ALBANY — Daniel Padgett used to work three different gigs to make ends meet.
But two of them were dependant on large numbers of people being able to gather in one area. Because of the coronavirus pandemic, Padgett, 38, is no longer able to work for the valet or audio/visual rental services he used to supplement his income.
Now, he’s gone from spending 15 hours per week driving for ride-share companies to 45 hours per week — a few dozen rides to more than 100. He’s not sure how long that will last, and is afraid he’ll get the same phone call from the Centers for Disease Control and Prevention that many of his peers have received: telling him that he’s come into contact with a passenger who’s tested positive for COVID-19, and ordering him to stop driving.
“Every day, there’s more drivers that are getting a phone call that they have to stay home,” Padgett said. “Then that’s the end of them for two weeks.”
Nearly 370,000 people statewide have filed for unemployment insurance amid the coronavirus pandemic, the State Labor Department reported Thursday. But many more like Padgett and others in the gig economy have found themselves falling between the cracks of the state’s unemployment system, and scrambling to find ways to supplement their income — or even pass the time.
There are several reasons why Padgett says he continues to drive for ride-share. He said he’s not holding his breath for government support but he also doesn’t want to just sit at home and stare at his wall.
Finally, Padgett said, he feels like he’s doing his part to help his community by delivering food, or giving essential workers and those shopping for groceries a ride to their destinations. Some essential workers have told Padgett that they’ve had to wait nearly an hour to be picked up because of a lack of drivers still on the road.
“The least I can do is bring McDonald’s to someone at Albany Med, or give them a ride home after their shift,” he said. But he misses the entertainment and conversation that comes with shuttling college students to and from their weekend bar runs. Passengers these days are gloomy, he said — though for good reason.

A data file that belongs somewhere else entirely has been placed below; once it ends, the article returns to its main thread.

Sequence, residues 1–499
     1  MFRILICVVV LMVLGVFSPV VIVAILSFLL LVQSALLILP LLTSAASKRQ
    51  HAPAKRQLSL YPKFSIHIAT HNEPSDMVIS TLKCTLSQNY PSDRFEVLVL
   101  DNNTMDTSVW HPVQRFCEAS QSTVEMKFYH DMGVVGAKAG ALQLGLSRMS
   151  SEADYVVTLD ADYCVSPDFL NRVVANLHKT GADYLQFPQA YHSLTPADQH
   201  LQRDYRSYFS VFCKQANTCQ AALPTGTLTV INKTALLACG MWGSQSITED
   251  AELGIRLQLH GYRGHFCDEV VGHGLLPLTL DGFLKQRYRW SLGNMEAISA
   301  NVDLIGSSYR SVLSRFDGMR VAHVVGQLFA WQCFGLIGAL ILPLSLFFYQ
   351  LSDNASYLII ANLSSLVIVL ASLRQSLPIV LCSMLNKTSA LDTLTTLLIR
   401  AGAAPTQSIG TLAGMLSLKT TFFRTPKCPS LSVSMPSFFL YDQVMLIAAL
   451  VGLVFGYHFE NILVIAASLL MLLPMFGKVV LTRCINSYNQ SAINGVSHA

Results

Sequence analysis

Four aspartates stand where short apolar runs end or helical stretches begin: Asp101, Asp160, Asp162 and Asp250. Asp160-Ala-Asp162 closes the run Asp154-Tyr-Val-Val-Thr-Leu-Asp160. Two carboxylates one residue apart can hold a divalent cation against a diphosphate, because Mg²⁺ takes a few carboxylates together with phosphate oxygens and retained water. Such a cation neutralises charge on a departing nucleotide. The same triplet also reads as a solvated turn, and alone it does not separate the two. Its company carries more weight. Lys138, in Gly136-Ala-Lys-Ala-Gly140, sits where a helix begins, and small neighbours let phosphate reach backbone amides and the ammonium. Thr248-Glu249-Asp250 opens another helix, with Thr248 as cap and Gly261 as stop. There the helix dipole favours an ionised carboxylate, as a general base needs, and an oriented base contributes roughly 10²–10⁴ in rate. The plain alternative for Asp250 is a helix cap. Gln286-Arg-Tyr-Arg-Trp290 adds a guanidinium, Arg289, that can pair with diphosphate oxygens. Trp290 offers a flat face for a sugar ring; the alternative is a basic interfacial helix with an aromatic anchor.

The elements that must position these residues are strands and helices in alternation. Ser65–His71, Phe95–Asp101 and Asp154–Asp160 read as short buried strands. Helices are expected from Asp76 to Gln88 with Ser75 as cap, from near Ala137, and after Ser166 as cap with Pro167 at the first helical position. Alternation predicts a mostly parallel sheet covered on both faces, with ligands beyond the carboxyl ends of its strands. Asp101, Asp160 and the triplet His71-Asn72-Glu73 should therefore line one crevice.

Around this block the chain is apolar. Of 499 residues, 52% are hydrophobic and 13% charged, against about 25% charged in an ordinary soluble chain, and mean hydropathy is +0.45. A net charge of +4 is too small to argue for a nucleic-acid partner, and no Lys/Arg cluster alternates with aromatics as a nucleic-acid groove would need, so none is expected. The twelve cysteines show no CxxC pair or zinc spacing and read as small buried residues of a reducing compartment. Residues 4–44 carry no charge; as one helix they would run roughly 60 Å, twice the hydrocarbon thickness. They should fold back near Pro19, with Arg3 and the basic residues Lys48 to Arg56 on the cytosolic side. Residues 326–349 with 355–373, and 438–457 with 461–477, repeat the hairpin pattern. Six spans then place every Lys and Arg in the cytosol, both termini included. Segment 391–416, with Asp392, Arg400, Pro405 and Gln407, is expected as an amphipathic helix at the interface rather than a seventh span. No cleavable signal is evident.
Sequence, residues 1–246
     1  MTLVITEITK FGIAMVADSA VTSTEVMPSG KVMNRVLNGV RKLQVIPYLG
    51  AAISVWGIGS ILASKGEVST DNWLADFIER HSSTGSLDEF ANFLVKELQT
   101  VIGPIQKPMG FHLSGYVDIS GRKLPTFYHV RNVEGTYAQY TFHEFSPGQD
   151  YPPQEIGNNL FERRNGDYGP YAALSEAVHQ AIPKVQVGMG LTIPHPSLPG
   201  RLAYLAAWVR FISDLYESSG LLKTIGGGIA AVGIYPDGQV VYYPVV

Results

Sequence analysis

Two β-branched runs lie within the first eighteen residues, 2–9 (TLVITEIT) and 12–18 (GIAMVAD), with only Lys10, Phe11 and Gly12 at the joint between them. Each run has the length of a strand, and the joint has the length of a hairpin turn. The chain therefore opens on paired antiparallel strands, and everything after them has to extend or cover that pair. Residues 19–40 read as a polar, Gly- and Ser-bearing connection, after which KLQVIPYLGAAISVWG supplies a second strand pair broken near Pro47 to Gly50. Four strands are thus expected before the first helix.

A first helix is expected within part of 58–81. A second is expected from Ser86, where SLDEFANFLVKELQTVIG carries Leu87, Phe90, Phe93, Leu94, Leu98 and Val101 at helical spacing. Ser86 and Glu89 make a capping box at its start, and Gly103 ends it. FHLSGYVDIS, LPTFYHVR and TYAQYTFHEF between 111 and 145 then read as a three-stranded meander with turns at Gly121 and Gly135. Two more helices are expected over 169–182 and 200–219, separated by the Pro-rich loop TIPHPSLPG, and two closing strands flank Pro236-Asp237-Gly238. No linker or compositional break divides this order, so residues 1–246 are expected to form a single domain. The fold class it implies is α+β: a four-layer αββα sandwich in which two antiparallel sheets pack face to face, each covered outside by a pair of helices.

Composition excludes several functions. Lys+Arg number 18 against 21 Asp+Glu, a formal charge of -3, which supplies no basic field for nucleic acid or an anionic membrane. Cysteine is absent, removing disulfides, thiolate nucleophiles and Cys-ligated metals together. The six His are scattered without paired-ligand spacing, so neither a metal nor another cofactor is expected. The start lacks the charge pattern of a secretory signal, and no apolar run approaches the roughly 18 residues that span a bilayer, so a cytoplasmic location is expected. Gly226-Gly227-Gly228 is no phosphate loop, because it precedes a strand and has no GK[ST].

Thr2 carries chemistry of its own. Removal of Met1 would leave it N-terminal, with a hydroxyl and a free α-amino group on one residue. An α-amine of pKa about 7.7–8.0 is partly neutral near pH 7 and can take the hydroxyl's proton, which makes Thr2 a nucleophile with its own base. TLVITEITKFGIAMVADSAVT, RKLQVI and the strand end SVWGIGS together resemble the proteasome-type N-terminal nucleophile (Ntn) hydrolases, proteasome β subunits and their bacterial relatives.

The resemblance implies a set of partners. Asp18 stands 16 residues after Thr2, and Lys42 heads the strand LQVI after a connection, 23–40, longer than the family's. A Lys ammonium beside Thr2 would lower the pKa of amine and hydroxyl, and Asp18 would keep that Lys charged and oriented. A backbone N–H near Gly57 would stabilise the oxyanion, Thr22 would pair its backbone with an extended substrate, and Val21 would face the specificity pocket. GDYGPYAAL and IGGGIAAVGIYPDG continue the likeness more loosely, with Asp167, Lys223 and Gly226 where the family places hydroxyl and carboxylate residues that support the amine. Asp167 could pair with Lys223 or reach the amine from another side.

“I miss my happy people, but it’s still nice to be driving,” he said.
Christi Martin 31, is also used to keeping busy, having worked two jobs since she was 16 years old. She has a mortgage, a student-loan balance exceeding $40,000, and a wedding and honeymoon to look forward to in a few months.
But the Malta bar where she worked weekends has been forced to shut down. Though Martin works from home during the week as an auditor for a state agency, she finds her weekends are now much slower.
“There’s only so much you can do because there’s not really anything to do,” she said.
Martin now spends her weekend outside when she can; she’s run the gamut of every sport available, from football to basketball to softball to golf to whiffle ball.
“We try to stay as busy as we can,” she said, “But I’m going insane not being able to do stuff on the weekends.”
Amy Smith, a dental hygienist from Poestenkill, found an unique way to give back after the practice where she worked shut down: she has joined a Facebook group of local seamstresses who now volunteer their time sewing masks to donate to healthcare workers and grocery store clerks.
It’s a team effort with her daughter and husband, and they can make about 50 masks in a three-day period.
“It’s been nice to connect with her and do things with her,” Smith said. “I’m a worker bee and just really enjoy the opportunity to give back.”